Olympus Live Composite and Perseids Meteors
Last night was the annual peak of the Perseids meteor shower. I have never tried to capture a meteor with a camera but the word was that with the moon close to the “new” phase and mostly clear skies, the conditions would be ideal for this year’s event.
It was also a chance to try out the “live composite” mode on my Olympus EM5 MKII. It turns out that this amazing technology really makes this kind of thing easy. Live composite originally came in a bit under the radar as a firmware update for the Olympus EM-1 and then was included as a standard feature on the EM5 II. Basically, it records a series of exposures of a duration you specify as if you had taken them one right after another. Then it blends them into a single image. But the amazing thing is that once you make the first exposure, it only increases the exposure when a new source of light appears in the scene. The means that you can record for about as long as you want without overexposing the original scene.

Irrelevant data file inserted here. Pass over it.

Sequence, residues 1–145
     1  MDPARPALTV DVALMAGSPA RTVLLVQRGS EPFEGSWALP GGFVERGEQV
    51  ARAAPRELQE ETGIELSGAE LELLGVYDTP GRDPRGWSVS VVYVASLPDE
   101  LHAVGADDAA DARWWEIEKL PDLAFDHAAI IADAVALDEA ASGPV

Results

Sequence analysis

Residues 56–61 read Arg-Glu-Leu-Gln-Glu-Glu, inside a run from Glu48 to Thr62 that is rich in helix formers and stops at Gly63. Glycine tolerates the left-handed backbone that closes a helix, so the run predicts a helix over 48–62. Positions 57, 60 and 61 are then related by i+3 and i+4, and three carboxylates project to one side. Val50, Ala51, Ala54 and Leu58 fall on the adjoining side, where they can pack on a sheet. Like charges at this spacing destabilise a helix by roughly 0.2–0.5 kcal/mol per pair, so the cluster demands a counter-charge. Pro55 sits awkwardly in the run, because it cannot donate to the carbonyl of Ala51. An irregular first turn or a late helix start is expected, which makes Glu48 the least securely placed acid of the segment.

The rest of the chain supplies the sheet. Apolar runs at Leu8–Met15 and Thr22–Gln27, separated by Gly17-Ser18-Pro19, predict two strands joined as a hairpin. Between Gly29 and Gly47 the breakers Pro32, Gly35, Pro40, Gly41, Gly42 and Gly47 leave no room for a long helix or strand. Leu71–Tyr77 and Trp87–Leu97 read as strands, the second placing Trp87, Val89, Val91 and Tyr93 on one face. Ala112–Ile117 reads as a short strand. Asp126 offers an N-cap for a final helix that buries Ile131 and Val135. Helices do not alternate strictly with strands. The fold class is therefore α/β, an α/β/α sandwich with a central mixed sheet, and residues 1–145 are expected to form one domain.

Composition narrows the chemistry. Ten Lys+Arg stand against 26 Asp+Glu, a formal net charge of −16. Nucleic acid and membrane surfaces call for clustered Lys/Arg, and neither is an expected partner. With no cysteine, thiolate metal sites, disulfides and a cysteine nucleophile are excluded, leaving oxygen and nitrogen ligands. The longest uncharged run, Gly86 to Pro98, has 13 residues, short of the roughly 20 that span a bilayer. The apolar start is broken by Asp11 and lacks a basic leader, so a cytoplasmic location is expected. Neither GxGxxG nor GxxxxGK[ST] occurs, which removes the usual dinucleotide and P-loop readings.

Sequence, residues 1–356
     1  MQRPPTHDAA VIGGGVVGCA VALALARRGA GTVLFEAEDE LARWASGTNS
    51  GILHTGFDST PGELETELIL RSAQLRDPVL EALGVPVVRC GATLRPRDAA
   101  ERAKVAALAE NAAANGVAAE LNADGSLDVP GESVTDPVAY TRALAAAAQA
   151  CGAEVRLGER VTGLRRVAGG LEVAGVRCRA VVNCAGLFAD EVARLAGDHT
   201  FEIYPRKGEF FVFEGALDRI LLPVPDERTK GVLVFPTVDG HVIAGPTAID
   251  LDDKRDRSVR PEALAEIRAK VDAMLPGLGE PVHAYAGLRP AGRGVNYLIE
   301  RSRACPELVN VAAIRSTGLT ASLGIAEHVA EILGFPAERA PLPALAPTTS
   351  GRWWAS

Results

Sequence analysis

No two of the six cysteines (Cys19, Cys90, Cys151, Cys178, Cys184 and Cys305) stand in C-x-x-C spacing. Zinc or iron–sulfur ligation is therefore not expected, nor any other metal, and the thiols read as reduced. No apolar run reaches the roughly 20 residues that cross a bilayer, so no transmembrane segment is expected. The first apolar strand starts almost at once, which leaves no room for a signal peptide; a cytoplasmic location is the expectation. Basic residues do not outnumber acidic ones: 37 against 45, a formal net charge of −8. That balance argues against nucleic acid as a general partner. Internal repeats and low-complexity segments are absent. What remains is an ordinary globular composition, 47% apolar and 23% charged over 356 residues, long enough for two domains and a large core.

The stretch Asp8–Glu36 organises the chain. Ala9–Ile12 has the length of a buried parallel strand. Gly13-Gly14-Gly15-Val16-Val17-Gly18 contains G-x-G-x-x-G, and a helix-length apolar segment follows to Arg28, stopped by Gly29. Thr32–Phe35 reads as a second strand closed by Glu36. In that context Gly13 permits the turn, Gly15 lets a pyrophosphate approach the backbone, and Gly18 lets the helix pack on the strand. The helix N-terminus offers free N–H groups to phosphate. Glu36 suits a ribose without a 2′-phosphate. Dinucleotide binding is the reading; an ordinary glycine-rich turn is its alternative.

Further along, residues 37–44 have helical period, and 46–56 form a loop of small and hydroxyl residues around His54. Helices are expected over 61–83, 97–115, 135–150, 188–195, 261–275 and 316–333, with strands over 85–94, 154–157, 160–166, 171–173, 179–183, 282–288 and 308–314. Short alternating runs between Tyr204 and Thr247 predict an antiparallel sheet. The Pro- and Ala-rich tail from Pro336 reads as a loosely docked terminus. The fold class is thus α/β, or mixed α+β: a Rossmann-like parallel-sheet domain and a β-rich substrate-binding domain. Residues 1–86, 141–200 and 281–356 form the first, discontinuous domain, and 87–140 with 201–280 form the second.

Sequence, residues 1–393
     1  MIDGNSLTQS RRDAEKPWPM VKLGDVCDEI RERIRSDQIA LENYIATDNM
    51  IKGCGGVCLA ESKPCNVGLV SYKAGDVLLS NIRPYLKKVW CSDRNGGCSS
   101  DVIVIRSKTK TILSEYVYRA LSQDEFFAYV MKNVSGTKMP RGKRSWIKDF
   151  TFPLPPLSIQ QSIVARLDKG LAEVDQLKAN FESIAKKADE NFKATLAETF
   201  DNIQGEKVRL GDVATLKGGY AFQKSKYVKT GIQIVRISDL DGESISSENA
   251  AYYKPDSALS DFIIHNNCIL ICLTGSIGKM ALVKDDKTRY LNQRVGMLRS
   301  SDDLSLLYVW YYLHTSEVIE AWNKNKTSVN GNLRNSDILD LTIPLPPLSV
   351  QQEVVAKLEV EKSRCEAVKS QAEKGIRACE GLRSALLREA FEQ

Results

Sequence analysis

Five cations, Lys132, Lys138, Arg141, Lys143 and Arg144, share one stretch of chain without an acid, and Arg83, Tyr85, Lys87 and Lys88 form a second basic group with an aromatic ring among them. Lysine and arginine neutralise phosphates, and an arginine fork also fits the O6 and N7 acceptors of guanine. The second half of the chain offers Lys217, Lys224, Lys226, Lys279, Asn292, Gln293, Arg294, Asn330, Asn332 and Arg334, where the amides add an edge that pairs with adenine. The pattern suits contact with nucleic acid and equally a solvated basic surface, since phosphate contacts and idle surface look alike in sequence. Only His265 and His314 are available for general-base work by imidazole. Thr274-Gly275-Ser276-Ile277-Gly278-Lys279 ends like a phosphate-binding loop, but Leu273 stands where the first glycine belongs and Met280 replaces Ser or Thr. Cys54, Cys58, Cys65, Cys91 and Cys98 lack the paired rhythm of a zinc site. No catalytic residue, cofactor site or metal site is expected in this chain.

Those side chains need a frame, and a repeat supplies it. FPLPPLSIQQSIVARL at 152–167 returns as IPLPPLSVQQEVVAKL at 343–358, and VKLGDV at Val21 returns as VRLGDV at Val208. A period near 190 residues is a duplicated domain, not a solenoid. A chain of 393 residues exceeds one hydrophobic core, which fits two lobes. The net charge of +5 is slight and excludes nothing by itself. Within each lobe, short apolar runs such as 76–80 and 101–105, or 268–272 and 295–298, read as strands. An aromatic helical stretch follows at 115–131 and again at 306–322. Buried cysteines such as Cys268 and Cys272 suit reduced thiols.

Of course, if you’re capturing a series of images of the night sky, the stars are moving (in relation to the camera) as the earth rotates so the stars will be rendered as star trails. But in the process, if a meteor (or an aircraft) goes through the scene, it will be recorded over top of the star trails.
Well, that was a long introduction to the one good shot that I got last night after fighting to stay awake and sitting out on the deck until after 2:00 am.
I you look carefully you can see four meteor trails. The bright curved streak is an aircraft that flew through the shot.
This was a series of 20 second exposures at f/2.8 over about 15 minutes. ISO was set to 1600. The lens was the Olympus 12mm f/2 prime (equivalent to 24mm on a 35mm camera) and the raw file was processed with Adobe Lightroom. The image above was also cropped from the full image.
To give you an idea of what kind of light pollution we have around here, this is the image straight out of the camera.